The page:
After the graphs are plotted, the teacher should guide the class into thinking about: Is it the single group's results, or is it the line based on the class average? U is found in most igneous rocks. Unless the rock is heated to a very high temperature, both the U and its daughter Pb remain in the rock.
A geologist can compare the proportion of U atoms to Pb produced from it and determine the age of the rock.
The next part of this exercise shows how this is done. Each team is given a piece of paper marked TIME, on which is written either 2, 4, 6, 8, or 10 minutes. The team should place each marked piece so that "U" is showing.
This represents Uranium, which emits a series of particles from the nucleus as it decays to Lead Pb- When each team is ready with the pieces all showing "U", a timed two-minute interval should start. During that time each team turns over half of the U pieces so that they now show Pb This represents one "half-life" of U, which is the time for half the nuclei to change from the parent U to the daughter Pb A new two-minute interval begins.
Continue through a total of 4 to 5 timed intervals. That is, each team should stop according to their TIME paper at the end of the first timed interval 2 minutesor at the end of the second timed interval 4 minutesand so on.
After all the timed intervals have occurred, teams should exchange places with one another as instructed by the teacher.How Does Radiocarbon Dating Work? - Instant Egghead #28
The task now for each team is to determine how many timed intervals that is, how many half-lives the set of pieces they are looking at has experienced. For example if you have a fossil trilobite and it was found in the Wheeler Formation. The Wheeler Formation has been previously dated to approximately million year old, so we know the trilobite is also about million years old. Scientists can use certain types of fossils referred to as index fossils to assist in relative dating via correlation.
Index fossils are fossils that are known to only occur within a very specific age range. Typically commonly occurring fossils that had a widespread geographic distribution such as brachiopods, trilobites, and ammonites work best as index fossils.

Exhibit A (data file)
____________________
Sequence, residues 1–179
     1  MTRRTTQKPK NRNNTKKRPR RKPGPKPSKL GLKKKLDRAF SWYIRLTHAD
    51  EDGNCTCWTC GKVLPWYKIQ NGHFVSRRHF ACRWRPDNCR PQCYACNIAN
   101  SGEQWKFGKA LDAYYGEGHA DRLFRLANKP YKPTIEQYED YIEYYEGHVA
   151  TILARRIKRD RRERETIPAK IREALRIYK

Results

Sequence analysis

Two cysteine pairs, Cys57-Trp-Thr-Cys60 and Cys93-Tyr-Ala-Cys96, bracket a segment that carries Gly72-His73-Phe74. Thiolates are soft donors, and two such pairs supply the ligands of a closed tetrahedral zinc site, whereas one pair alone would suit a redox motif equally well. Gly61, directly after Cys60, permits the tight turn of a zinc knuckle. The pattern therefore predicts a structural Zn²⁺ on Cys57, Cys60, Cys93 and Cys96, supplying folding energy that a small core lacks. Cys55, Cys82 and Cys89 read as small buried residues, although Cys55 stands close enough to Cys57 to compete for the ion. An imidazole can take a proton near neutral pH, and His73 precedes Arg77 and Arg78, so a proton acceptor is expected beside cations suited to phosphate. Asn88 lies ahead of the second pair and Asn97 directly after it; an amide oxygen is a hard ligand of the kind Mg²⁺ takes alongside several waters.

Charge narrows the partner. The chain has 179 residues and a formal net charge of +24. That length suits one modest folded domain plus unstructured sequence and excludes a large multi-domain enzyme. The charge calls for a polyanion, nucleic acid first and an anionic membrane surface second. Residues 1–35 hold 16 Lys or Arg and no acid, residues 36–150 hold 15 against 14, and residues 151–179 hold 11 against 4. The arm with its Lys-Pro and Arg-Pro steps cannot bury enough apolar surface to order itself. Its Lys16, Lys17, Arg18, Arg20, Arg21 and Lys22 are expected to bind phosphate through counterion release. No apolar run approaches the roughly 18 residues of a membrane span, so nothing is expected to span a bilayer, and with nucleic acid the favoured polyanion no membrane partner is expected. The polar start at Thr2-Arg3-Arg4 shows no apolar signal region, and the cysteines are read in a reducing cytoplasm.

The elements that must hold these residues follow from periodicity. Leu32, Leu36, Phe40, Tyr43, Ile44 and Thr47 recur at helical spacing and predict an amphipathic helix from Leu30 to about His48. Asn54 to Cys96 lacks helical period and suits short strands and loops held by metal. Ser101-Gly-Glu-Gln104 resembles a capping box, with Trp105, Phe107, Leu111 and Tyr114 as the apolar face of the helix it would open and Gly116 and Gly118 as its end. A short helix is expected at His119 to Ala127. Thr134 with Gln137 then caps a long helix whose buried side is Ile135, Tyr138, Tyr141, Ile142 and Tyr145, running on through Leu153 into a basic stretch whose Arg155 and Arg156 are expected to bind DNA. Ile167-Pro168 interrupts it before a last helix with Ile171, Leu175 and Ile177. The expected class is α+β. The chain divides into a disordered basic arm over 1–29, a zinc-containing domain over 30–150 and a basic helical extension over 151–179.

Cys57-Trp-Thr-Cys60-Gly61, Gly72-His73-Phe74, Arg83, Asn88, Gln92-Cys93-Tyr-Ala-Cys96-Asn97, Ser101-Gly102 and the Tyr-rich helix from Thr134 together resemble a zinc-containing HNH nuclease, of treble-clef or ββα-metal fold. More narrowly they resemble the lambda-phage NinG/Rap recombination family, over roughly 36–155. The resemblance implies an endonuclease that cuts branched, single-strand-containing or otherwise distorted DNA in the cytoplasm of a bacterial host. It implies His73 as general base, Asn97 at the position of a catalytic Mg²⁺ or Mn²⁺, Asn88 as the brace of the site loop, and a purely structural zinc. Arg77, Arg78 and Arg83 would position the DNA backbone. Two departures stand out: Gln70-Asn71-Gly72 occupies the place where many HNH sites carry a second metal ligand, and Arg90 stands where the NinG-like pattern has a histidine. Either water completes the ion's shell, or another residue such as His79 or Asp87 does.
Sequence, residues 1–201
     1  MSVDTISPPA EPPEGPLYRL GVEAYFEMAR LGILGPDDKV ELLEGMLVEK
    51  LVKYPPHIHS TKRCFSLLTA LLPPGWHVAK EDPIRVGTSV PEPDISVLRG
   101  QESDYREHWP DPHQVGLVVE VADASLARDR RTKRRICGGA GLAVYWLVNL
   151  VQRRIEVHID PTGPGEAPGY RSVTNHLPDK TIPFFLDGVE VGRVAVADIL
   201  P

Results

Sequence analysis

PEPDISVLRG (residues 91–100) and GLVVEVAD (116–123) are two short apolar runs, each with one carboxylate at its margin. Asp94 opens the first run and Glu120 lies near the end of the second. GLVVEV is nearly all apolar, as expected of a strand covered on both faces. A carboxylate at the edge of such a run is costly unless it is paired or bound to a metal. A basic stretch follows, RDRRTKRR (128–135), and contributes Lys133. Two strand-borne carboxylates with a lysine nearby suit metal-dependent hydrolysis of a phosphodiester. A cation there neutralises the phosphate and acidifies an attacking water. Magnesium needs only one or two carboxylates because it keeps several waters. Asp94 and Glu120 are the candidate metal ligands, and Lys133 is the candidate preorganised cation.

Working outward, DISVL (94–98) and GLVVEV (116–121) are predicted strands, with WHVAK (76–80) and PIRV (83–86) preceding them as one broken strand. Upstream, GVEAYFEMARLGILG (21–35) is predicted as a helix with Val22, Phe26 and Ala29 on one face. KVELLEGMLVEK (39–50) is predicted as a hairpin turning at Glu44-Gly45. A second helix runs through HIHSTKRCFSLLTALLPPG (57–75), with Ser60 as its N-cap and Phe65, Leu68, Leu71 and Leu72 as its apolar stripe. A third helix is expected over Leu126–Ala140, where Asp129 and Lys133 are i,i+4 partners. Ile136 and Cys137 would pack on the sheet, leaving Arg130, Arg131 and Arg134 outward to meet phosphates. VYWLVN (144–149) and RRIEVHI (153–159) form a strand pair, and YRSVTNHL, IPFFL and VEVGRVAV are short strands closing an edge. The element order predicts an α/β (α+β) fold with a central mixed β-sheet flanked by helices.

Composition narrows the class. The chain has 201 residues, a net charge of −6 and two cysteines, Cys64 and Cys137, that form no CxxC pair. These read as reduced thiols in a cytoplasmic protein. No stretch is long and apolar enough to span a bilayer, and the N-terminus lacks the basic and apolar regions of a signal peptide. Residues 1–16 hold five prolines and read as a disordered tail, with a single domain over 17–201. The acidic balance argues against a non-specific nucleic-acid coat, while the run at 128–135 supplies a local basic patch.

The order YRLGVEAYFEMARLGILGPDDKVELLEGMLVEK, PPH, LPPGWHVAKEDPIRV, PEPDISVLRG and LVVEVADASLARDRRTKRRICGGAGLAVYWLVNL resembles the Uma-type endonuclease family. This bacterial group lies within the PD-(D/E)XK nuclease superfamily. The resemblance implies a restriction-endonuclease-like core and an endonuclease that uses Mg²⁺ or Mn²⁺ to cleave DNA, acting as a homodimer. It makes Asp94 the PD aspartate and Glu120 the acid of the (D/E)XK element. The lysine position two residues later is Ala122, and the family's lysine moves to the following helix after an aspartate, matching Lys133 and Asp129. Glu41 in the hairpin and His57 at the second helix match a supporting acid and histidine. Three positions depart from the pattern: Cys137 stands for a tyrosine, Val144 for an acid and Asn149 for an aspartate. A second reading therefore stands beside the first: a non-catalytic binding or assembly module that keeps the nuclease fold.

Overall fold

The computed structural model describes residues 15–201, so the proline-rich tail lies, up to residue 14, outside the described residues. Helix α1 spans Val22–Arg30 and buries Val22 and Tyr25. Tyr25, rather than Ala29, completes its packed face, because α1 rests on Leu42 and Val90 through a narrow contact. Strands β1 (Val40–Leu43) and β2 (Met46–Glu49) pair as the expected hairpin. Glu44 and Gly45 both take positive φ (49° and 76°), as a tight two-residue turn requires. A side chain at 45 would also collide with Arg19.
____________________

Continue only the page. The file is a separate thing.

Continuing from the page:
If the fossil you are trying to date occurs alongside one of these index fossils, then the fossil you are dating must fall into the age range of the index fossil. Sometimes multiple index fossils can be used. In a hypothetical example, a rock formation contains fossils of a type of brachiopod known to occur between and million years. The same rock formation also contains a type of trilobite that was known to live to million years ago. Since the rock formation contains both types of fossils the ago of the rock formation must be in the overlapping date range of to million years.
Studying the layers of rock or strata can also be useful. Layers of rock are deposited sequentially. If a layer of rock containing the fossil is higher up in the sequence that another layer, you know that layer must be younger in age.
This can often be complicated by the fact that geological forces can cause faulting and tilting of rocks. Absolute Dating Absolute dating is used to determine a precise age of a rock or fossil through radiometric dating methods. This uses radioactive minerals that occur in rocks and fossils almost like a geological clock. So, often layers of volcanic rocks above and below the layers containing fossils can be dated to provide a date range for the fossil containing rocks.